The Changing Commercial Banking Industry Structure
Total banking assets are expected to climb at an average annual growth rate (AAGR) of 7.1% from $6,772 billion in 2001 to $9,537 billion in 2006.
Total commercial banking product assets, consisting of insurance, securities, mortgages, mutual funds, and consumer credit, will rise from $25,530 billion in 2001 to $38,115 billion in 2006.
Commercial banks will increase their share of the market, rising from 23.7% in 2001 to 25% in 2006.
Growth will be highest from diversified financial products whose market will rise at an AAGR of 9.9% through 2006, while commercial banks will increase their share to 19.1% from 16.4%.
Deposit-related income will grow more slowly at an AAGR of only 2.1%, and commercial banks will see their share slip 2% through the period.
STUDY GOALS AND OBJECTIVES
The objective of this report is to reflect upon changes that have occurred in the commercial banking industry over the past several years and to assess where the industry is headed over the next 5 years. As the "click-and-mortar" world of the Internet has continued to pose challenge to the traditional "brick-and mortar" banking sphere, this report will evaluate how successfully established banking products have evolved to encompass new technology. It will, as well, predict how the industry will adapt to continuing deregulation, industry consolidation, and shifts in borrowing and lending patterns.
In addition to examining the extent to which the traditional commercial banking industry and products have evolved and will continue to expand, this report will evaluate the burgeoning competitive field opened by new technology. It will quantify the strength of these nontraditional-and often nonbanking-competitors in various product areas, assess where they are headed in the future, and what challenges they pose to more traditional products and/or product delivery.
This report will also evaluate the psychology of the commercial banking customer and the extent to which he or she seeks and, in the future, will seek products from the e-marketplace. The report will examine whether a new breed of customer expects seamless electronic service as they interact with an organization across multiple channels or whether human contact at the branch level is still considered preferable.
This report will examine the liquidity crisis and the extent to which that may have played a role in encouraging commercial banks to seek additional revenue through offering a wider diversification of financial service products. Specific commercial banking product areas to be examined include: credit cards, debit cards, smart cards, paper checks/electronic bill presentment, mortgages, insurance, brokerage services, venture capital, and mutual funds. This report will evaluate what products and which applications of those products will prosper and decline over the next 5 years, assess why, and address the implications for the each product marketplace in general and commercial banking specifically.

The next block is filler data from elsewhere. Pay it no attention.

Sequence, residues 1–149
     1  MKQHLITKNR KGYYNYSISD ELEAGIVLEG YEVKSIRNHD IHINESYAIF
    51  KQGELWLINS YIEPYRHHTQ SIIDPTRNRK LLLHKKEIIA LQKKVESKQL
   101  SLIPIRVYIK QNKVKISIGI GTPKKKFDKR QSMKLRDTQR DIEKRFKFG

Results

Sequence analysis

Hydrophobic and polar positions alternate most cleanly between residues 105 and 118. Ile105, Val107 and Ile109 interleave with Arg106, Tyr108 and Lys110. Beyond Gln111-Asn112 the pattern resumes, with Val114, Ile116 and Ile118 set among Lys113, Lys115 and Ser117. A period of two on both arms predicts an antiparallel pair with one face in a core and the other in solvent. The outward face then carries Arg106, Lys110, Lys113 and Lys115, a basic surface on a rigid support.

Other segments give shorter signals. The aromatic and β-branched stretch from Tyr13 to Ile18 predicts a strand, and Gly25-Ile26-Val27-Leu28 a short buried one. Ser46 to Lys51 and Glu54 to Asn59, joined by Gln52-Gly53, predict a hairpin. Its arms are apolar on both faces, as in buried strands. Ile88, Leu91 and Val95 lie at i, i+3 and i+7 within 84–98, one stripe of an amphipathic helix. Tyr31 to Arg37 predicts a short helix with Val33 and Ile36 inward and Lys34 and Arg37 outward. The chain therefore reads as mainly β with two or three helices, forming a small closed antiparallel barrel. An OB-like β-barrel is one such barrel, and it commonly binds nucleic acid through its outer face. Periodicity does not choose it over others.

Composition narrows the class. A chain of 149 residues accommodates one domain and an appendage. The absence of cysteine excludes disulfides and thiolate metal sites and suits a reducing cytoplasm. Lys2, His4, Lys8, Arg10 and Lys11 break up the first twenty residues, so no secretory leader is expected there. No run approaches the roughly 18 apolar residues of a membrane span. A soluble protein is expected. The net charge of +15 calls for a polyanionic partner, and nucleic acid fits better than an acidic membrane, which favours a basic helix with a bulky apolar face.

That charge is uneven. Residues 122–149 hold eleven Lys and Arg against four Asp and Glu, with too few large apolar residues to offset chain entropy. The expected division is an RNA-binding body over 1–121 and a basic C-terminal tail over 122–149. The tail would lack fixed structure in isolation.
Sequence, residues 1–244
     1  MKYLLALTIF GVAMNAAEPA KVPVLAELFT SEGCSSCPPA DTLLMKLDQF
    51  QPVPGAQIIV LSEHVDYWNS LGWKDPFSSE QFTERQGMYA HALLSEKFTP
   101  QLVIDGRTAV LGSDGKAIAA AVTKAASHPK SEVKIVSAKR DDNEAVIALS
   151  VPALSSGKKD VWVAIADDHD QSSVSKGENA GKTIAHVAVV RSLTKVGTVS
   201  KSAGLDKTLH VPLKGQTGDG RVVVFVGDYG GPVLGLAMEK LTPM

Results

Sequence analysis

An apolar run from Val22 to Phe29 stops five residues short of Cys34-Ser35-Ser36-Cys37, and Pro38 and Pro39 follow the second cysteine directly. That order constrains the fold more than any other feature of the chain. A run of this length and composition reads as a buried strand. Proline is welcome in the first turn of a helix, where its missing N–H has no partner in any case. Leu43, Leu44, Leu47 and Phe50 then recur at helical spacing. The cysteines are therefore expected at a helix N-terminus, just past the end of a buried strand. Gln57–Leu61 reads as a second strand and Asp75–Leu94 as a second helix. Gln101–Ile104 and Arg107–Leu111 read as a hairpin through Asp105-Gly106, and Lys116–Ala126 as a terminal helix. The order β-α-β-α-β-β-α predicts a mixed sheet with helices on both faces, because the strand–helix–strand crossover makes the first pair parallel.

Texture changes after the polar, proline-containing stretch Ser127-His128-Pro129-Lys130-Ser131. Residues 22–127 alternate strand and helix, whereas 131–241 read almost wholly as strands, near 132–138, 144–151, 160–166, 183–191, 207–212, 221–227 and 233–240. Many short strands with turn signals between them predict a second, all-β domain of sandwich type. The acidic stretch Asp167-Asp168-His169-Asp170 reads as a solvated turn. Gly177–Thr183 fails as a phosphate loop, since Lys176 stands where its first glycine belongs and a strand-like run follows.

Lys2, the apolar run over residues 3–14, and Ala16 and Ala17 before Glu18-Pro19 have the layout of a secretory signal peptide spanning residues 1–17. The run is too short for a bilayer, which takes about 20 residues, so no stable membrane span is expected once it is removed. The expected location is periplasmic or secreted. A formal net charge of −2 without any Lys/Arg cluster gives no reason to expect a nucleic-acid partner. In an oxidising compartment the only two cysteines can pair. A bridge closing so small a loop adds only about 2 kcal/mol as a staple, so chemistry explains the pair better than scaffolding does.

This report will also look at strategic partnerships between traditional commercial banks and new technology counterparts. It will evaluate several of the cross industry mergers of the past decade, examining whether mega-mergers pose a threat to smaller community banks.
REASONS FOR DOING THE STUDY
The financial services industry has been radically transformed by applications of new technology. In this environment of constant flux, this study will take a look at where commercial banking stands compared to the financial services industry and what product developments and trends will affect the commercial banking industry over the next 5 years.
This report will estimate the growth of commercial banking industry products and industry leaders. In addition, it will examine technological advancements and predict how they will affect various areas of commercial banking over the next 5 years.
CONTRIBUTION OF THE STUDY AND FOR WHOM
This study examines the current state of the commercial banking industry and projects where the industry will stand from 2001 to 2006. It addresses the technological advancements that are affecting the industry and gauges how well traditional institutions are adjusting and strategizing in light of them. It compares and contrasts international institutions with those of the U.S. and also assesses non-bank competitors in the commercial banking arena
SCOPE, FORMAT, AND METHODOLOGY
This report addresses top leaders in each area of commercial banking, their products and the competitive marketplace for those products. It looks at historical growth and makes projections for products, for the industry as a whole and compares and contrasts the industry with other financial service providers. Future projections are based upon anticipated growth trends.
The information was gathered from regulatory agencies and industry sources fully detailed in the appendix of this report.